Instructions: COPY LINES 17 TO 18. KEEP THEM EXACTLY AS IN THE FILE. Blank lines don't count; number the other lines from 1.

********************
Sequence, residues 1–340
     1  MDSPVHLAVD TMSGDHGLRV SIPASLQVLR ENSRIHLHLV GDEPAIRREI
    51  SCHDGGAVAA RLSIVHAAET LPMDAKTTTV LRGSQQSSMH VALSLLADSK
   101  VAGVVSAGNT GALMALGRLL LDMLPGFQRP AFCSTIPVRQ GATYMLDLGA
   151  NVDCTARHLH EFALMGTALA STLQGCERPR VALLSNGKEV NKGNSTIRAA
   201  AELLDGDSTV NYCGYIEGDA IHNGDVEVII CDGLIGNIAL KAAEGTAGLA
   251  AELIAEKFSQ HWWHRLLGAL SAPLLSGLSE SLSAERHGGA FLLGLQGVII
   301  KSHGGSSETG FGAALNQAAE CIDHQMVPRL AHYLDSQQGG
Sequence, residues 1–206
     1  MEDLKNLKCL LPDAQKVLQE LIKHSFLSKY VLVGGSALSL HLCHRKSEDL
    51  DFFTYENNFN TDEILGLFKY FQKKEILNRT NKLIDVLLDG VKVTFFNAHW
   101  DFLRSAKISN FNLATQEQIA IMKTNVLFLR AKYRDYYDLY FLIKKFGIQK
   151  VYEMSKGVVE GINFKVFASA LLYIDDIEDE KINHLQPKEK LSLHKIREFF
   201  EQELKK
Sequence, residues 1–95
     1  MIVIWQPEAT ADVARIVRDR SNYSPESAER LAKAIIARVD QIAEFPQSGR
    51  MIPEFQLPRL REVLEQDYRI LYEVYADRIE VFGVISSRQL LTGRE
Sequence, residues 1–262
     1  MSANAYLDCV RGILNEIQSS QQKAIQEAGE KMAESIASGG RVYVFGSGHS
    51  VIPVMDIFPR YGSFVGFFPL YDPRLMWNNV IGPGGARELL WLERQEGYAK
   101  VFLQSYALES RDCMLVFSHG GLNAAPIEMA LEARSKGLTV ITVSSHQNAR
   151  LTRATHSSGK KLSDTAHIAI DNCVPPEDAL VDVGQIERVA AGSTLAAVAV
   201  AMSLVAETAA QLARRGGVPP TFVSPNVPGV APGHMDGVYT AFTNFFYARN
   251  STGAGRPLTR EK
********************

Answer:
    51  MIPEFQLPRL REVLEQDYRI LYEVYADRIE VFGVISSRQL LTGRE
Sequence, residues 1–262